Second International Conference on Spoken Language Processing (ICSLP'92)

Banff, Alberta, Canada
October 13-16, 1992

Performance on a Nonsense Syllable Test Using the Articulation Index

Margaret F. Cheesman, Shelly Lawrence, Allison Appleyard

Department of Communicative Disorders, University of Western Ontario, London, ON, Canada

A modification of the Distinctive Features Difference (DFD) test [1] was developed as part of a speech perception test battery, primarily for use in testing new hearing aid circuitry and noise reduction algorithms. The DFD(m) test requires listeners to identify each of 21 consonant sounds, spoken by two male and two female talkers, presented in an /ACd/ context against a noise background. Identification errors can be scored in terms of either the overall percent-correct item identification or the number of feature differences between each target sound and response. Performance-intensity functions were obtained with a 70 dB(A) background noise masker that was spectrally shaped to match the long-term average spectrum of the 84 test items. Progressive low-pass and high-pass filtering of the speech was used to obtain the crossover frequency of the Articulation Index importance weights for the combined 4-talker speech materials. The crossover frequency was 2170 Hz, higher than that previously found for other sets of nonsense syllables. Articulation Indices were computed using three methods and their relatively suitability for application to the modified DFD test was investigated.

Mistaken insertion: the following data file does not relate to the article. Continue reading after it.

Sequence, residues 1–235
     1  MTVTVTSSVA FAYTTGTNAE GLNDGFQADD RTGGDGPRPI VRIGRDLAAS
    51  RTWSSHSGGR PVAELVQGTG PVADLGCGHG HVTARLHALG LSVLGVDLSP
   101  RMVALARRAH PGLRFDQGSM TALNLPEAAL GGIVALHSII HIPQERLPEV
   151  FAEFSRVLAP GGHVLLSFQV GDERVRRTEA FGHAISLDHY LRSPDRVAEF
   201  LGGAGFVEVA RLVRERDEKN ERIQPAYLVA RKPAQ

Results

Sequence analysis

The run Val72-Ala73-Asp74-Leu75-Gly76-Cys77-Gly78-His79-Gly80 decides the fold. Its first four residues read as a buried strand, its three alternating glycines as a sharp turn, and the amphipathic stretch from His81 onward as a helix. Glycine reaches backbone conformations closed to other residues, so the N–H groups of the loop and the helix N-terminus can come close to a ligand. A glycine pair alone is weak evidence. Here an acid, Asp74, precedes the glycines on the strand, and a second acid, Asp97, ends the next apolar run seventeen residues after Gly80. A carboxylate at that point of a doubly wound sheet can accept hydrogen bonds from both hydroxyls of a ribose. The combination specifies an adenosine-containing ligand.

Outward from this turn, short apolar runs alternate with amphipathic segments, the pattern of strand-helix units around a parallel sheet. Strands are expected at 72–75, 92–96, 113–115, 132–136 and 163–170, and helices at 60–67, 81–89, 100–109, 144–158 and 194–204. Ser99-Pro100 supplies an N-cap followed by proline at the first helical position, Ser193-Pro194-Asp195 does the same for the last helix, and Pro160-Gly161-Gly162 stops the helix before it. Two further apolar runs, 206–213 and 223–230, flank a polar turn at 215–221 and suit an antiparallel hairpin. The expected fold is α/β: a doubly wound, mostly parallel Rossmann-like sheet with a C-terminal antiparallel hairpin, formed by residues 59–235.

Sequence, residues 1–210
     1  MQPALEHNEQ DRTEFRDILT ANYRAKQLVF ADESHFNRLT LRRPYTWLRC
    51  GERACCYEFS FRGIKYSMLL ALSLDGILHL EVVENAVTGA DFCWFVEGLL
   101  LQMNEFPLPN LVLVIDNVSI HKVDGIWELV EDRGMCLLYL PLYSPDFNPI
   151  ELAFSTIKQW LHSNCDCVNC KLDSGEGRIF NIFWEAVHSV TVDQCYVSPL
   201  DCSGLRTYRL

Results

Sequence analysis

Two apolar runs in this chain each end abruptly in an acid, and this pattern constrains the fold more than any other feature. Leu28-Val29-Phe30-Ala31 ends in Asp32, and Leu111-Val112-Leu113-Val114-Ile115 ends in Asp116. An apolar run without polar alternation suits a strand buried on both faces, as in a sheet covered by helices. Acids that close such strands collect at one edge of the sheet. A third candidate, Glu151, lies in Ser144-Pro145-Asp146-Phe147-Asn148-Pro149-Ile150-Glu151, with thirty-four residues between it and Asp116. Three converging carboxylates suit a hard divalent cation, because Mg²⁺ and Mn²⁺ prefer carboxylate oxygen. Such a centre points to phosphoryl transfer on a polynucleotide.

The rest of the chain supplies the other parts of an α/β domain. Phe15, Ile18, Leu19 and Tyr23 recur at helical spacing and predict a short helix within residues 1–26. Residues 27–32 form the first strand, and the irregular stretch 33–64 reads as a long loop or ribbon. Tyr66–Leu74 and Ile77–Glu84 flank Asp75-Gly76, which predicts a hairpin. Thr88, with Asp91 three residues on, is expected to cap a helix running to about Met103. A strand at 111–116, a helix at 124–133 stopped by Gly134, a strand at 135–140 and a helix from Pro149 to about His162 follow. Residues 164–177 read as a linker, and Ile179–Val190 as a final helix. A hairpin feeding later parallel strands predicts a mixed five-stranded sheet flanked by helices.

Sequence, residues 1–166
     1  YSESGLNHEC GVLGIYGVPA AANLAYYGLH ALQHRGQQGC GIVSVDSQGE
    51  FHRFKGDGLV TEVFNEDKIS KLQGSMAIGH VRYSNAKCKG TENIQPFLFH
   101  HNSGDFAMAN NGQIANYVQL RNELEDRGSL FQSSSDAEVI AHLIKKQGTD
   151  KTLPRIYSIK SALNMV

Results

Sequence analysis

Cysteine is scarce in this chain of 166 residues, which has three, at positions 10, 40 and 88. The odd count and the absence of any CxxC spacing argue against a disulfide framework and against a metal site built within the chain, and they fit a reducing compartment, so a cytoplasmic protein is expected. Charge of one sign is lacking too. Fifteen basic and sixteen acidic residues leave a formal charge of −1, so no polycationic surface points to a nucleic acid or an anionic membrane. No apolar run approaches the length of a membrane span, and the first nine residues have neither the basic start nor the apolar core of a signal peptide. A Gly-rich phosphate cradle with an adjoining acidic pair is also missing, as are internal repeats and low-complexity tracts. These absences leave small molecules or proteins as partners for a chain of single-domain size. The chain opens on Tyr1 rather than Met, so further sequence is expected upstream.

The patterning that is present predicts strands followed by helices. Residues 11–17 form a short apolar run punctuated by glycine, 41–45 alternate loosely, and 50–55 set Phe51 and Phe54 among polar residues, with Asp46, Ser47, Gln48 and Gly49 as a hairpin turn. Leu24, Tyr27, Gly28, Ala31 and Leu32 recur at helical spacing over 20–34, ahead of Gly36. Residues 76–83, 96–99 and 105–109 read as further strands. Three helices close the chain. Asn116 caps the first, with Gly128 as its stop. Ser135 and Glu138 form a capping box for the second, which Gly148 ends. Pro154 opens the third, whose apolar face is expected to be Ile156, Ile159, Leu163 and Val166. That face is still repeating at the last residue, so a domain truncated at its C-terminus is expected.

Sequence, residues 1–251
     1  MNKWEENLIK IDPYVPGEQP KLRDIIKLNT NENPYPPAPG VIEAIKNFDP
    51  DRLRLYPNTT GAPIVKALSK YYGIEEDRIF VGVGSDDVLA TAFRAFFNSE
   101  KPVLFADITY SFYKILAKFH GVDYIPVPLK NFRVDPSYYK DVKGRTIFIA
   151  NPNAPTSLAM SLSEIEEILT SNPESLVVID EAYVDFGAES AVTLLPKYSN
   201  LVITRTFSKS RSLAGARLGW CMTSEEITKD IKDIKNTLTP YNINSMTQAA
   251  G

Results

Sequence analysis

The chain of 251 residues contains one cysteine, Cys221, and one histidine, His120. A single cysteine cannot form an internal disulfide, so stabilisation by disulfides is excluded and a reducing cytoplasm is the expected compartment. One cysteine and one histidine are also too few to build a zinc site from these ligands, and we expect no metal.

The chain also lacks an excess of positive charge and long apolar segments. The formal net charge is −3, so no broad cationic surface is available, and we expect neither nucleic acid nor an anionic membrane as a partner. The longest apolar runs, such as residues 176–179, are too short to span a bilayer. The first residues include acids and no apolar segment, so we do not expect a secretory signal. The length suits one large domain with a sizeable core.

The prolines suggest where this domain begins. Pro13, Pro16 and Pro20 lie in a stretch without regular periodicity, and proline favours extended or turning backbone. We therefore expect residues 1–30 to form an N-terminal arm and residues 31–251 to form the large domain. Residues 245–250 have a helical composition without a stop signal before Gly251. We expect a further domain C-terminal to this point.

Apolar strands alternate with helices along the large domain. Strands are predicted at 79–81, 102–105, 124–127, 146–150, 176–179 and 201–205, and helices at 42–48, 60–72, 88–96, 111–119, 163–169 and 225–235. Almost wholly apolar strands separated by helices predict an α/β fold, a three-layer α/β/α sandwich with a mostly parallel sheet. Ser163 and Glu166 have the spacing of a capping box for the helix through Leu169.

Full Paper

Bibliographic reference.  Cheesman, Margaret F. / Lawrence, Shelly / Appleyard, Allison (1992): "Performance on a nonsense syllable test using the articulation index", In ICSLP-1992, 1123-1126.